Now how shall we explain the contradiction contained in that sermon? Is it due to Abraham's having the reputation of being a great man—so that whatever he does is great, but if another should undertake to do the same it is a sin, a heinous sin ? If this be the case I prefer not to participate in such thoughtless laudations. If faith cannot make it a sacred thing to wish to sacrifice one's son, then let the same judgment be visited on Abraham as on any other man. And if we perchance lack the courage to drive our thoughts to the logical conclusion and to say that Abraham was a murderer, then it were better to acquire that courage, rather than to waste one's time on undeserved encomiums. The fact is, the ethical expression for what Abraham did is that he wanted to murder Isaac; the religious, that he wanted to sacrifice him. But precisely in this contradiction is contained the fear which may well rob one of one's sleep. And yet Abraham were not Abraham without this fear. Or, again, supposing Abraham did not do what is attributed to him, if his action was an entirely different one, based on conditions of those times, then let us forget him; for what is the use of calling to mind that past which can no longer become a present reality?—Or, the speaker had perhaps forgotten the essential fact that Isaac was the son. For if faith is eliminated, having been reduced to a mere nothing, then only the brutal fact remains that Abraham wanted to murder Isaac—which is easy for everybody to imitate who has not the faith—the faith, that is, which renders it most difficult for him…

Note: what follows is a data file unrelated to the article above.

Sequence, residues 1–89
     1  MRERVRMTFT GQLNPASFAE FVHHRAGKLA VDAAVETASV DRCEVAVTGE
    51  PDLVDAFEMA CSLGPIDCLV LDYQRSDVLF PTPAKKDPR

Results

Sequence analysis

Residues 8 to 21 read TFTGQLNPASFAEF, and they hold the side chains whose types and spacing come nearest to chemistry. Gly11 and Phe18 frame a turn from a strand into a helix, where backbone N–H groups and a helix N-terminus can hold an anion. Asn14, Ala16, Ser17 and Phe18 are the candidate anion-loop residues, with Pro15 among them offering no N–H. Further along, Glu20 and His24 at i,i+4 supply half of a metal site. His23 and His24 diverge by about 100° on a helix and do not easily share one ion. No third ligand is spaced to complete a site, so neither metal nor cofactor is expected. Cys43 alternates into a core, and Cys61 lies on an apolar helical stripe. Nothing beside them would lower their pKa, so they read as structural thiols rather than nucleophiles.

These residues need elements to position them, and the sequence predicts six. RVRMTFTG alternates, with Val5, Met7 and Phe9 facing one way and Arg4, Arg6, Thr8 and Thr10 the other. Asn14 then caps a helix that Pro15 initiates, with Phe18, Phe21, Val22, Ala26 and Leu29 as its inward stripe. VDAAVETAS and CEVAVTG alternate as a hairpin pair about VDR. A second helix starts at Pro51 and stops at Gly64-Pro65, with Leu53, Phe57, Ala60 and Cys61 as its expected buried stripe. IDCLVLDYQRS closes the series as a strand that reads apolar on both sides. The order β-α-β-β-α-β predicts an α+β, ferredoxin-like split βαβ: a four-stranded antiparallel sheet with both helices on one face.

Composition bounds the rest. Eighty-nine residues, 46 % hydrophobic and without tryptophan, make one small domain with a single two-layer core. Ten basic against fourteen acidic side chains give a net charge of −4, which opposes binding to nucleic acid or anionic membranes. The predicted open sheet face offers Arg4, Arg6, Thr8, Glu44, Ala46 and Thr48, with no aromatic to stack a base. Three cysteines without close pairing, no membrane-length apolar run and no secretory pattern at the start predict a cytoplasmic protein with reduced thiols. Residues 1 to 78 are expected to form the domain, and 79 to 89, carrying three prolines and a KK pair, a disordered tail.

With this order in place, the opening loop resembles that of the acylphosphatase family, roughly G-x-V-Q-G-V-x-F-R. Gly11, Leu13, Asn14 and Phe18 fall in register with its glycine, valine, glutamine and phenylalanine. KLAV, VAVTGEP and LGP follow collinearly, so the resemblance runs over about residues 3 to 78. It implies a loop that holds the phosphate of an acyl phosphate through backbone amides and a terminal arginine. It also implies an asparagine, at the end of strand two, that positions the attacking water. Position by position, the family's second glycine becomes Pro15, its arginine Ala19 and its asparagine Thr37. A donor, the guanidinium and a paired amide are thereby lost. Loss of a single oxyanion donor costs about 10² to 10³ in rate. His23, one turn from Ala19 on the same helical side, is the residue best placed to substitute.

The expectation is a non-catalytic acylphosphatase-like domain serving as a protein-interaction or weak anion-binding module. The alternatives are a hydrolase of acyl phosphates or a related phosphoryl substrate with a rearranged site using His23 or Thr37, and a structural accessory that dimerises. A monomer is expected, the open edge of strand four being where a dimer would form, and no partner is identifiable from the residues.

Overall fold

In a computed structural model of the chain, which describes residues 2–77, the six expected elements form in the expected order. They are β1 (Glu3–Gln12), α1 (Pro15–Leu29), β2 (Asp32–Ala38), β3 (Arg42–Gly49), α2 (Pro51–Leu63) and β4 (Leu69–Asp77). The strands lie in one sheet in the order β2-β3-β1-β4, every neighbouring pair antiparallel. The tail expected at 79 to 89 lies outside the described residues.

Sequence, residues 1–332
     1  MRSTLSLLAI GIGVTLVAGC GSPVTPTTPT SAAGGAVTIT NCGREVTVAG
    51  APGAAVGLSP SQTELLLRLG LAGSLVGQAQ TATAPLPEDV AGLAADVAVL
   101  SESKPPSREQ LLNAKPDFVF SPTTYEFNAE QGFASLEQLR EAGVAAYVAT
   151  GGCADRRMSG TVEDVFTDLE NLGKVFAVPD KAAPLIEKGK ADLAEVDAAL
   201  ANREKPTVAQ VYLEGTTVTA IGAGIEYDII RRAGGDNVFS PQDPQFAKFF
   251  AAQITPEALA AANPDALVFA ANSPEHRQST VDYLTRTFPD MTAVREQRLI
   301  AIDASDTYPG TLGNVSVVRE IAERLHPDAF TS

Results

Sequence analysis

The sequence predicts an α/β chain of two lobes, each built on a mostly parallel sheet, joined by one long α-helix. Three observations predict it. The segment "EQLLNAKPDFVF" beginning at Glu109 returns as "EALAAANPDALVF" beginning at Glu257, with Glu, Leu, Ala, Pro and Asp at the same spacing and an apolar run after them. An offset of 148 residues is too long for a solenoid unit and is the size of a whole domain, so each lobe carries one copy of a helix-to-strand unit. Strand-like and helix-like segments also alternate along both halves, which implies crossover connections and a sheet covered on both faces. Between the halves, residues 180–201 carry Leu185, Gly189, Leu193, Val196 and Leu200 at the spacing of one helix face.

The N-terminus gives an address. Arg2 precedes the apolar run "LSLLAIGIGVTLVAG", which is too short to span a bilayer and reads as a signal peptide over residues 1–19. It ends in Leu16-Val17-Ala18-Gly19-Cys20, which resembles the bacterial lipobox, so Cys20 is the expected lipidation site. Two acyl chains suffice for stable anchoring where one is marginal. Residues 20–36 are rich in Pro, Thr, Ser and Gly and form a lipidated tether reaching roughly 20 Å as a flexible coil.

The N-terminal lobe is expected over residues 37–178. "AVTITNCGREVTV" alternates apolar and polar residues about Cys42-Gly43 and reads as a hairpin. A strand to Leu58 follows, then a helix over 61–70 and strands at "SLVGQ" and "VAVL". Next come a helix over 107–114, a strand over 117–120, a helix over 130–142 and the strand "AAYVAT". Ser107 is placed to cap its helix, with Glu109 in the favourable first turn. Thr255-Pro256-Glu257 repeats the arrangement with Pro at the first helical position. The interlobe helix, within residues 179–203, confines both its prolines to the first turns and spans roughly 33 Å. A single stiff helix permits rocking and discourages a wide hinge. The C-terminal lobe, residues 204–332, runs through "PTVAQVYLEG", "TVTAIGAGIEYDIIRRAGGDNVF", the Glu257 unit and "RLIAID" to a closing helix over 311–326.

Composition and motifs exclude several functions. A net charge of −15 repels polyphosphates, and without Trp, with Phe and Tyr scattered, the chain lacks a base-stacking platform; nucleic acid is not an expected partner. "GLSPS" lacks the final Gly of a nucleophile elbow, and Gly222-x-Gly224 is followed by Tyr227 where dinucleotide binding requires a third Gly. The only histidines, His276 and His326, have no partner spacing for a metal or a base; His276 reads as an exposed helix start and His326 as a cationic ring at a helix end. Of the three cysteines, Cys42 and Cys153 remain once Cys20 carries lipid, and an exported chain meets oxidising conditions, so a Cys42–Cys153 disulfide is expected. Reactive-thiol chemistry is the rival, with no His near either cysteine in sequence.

Love has its priests in the poets, and one bears at times a poet's voice which worthily extols it. But not a word does one hear of faith. Who is there to speak in honor of that passion? Philosophy "goes right on." Theology sits at the window with a painted visage and sues for philosophy's favor, offering it her charms. It is said to be difficult to understand the philosophy of Hegel; but to understand Abraham, why, that is an easy matter! To proceed further than Hegel is a wonderful feat, but to proceed further than Abraham, why, nothing is easier! Personally, I have devoted a considerable amount of time to a study of Hegelian philosophy and believe I understand it fairly well; in fact, I am rash enough to say that when, notwithstanding an effort, I am not able to understand him in some passages, is because he is not entirely clear about the matter himself. All this intellectual effort I perform easily and naturally, and it does not cause my head to ache. On the other hand, whenever I attempt to think about Abraham I am, as it were, overwhelmed. At every moment I am aware of the enormous paradox which forms the content of Abraham's life, at every moment I am repulsed, and my thought, notwithstanding its passionate attempts, cannot penetrate into it, cannot forge on the breadth of a hair. I strain every muscle in order to envisage the problem—and become a paralytic in the same moment…